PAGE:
David Brooks recently made an argument in The New York Times that should resonate with conservatives: Inequity, and many other related crises, stem from the family and the way we raise our kids. His argument speaks to the sense among most conservatives that deep changes in our culture, and the decline of the family as a preparative institution, is the root of many evils from debilitating loneliness to widespread drug addiction.
But Brooks stopped short of offering a truly effective solution to the problem. Why? Any solution would have to start with an obvious but controversial truism: If we want to ensure families prepare children to succeed, we need to start before those children are born and actually ensure that parents are ready to raise and develop children responsibly. That process does not happen magically.
How Family Planning Should Be Reformed
It requires reforming the way we plan families. How, exactly? As a recent Having Kids research paper published in the Loyola Chicago Law Review pointed out, one step forward would be to successfully incentivize prospective parents to wait to have kids until those would-be parents have met certain milestones. The cost savings of taking these steps to ensure responsible parenting are unparalleled, especially when we factor in the huge impact on pressing crises like climate change and extreme child poverty.
In other words, it’s good to make sure the state will not have to pay the costs of parents failing to actually raise the kids they have, rather than our paying taxes to make sure the state continues to do a horrible job of post-hoc parenting. Moreover, this process can reduce population growth and the big government, centralization of power, and mind-numbing bureaucracy that comes with it. All this moves us toward governance that’s actually representative of the people themselves. That vision of freedom is the opposite of Mao’s policy of pushing women to have more kids, which made China, now with well over 1 billion people, the greatest threat to freedom in the world today.
In short, ensuring every kid a fair start in life, in part by paying would-be parents to prepare, is a policy that works. Conservatives should support family planning reform because it embodies these fundamental conservative values:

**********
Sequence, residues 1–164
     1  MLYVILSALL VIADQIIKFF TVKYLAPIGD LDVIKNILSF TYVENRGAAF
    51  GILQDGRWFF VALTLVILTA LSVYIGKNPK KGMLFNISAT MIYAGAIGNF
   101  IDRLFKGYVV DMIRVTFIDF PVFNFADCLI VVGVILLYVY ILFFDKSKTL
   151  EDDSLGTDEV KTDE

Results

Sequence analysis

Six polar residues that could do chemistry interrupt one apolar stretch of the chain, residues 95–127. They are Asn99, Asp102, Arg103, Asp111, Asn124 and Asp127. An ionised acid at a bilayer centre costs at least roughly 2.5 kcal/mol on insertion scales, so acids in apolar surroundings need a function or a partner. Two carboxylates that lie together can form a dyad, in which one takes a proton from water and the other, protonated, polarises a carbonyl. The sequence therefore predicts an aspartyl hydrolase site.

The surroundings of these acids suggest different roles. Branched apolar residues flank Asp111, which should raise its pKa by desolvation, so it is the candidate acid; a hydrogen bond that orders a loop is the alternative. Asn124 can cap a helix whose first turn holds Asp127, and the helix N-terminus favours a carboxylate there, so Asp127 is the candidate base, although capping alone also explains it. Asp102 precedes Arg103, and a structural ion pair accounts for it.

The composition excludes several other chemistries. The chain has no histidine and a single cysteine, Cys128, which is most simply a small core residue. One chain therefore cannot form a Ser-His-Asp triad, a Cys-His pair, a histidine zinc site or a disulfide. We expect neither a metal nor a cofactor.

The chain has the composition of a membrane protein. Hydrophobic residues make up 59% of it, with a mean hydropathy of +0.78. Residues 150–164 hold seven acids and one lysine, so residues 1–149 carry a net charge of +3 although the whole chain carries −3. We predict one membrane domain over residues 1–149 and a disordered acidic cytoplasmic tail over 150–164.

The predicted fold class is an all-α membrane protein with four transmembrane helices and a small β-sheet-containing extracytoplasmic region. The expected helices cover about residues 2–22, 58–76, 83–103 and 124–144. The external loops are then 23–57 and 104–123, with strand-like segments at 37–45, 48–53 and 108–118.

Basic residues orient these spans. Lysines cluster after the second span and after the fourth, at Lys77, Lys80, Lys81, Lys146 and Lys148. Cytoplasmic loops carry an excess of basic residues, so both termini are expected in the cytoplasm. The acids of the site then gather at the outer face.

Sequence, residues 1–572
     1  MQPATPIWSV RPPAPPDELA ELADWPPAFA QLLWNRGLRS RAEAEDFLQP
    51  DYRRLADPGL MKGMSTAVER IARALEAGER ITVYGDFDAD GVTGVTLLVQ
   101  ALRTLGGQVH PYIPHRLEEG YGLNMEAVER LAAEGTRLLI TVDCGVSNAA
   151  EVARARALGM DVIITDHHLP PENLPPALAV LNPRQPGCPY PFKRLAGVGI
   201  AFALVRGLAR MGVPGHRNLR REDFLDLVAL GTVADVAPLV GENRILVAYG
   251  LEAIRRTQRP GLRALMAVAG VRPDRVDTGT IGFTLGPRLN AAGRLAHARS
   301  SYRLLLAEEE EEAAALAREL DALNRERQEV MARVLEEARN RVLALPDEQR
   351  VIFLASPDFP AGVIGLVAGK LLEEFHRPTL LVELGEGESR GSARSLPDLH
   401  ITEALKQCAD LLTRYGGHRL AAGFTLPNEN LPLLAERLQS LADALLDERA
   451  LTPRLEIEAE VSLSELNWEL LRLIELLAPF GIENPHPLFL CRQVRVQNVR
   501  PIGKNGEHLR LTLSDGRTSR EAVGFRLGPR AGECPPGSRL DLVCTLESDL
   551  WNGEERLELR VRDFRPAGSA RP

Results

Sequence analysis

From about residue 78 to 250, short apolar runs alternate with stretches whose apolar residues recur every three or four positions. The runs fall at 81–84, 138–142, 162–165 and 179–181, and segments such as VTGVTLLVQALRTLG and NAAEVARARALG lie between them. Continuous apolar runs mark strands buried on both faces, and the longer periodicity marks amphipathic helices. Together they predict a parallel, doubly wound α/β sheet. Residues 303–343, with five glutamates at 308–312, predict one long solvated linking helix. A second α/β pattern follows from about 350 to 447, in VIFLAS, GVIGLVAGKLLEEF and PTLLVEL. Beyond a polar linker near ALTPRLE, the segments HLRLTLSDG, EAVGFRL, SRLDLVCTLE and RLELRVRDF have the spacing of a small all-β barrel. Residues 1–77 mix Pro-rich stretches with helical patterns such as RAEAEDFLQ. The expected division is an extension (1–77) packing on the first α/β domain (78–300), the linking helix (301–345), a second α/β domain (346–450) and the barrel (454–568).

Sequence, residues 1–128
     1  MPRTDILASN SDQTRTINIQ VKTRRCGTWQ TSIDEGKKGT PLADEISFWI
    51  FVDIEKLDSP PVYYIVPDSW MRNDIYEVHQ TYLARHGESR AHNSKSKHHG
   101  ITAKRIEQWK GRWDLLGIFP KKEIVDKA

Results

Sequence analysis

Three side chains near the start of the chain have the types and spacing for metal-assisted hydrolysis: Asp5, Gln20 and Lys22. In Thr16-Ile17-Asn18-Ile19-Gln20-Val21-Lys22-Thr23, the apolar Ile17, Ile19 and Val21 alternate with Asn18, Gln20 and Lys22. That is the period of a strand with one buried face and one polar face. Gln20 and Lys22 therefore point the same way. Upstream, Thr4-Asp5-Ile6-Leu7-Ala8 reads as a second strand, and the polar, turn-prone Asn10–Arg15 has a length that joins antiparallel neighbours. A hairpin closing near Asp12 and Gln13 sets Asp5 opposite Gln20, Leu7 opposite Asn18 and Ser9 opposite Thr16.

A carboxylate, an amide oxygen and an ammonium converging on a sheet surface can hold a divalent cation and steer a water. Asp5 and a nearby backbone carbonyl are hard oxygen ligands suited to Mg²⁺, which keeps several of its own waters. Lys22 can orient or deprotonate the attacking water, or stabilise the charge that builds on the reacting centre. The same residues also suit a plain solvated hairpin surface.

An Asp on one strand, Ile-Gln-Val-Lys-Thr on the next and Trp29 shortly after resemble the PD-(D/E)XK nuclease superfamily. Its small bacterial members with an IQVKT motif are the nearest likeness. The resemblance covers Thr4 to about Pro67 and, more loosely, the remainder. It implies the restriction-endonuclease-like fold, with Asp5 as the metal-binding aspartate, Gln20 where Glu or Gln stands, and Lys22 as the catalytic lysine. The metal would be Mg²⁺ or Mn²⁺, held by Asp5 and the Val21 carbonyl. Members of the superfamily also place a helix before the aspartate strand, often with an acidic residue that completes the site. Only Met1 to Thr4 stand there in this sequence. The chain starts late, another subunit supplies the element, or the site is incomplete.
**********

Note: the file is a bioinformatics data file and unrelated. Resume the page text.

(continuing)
• Promoting responsible parenting and families
• Ensuring our promotion of responsible parenting is efficient by acting before problems arise, and
• Guaranteeing the American idea of freedom, or personal autonomy, that is possible only in a democracy of well-prepared citizens capable of self-rule and with true access to equal opportunities in life.
Where Personal Freedom Really Begins
There is, of course, a push among conservatives to ignore values like responsible parenting, fair starts in life, and participatory democracy in favor of policies that create kids as consumers, future workers, and compliant taxpayers because promoting a high birth rate will inflate the economy. That is simply selling out our values and foisting on our kids the costs of bad parenting in what Nobel Laureate Steven Chu called a pyramid Ponzi scheme. We are a democracy before we are an economy, and there is no reasonable conception of personal freedom that does not start with accounting for and developing the people who actually constitute our political systems and, as such, have power over us. And accounting for future citizens of our democracy means ensuring responsible parenting.
The many who gave their lives to protect what they perceived to be a unique form of freedom did not die so that the United States could become a threat to itself, ecologically through the climate and other environmental crises, and socially through the decline of the family as an institution that prepares kids for functional society. Better family planning is our best solution to both the environmental and social problems we face.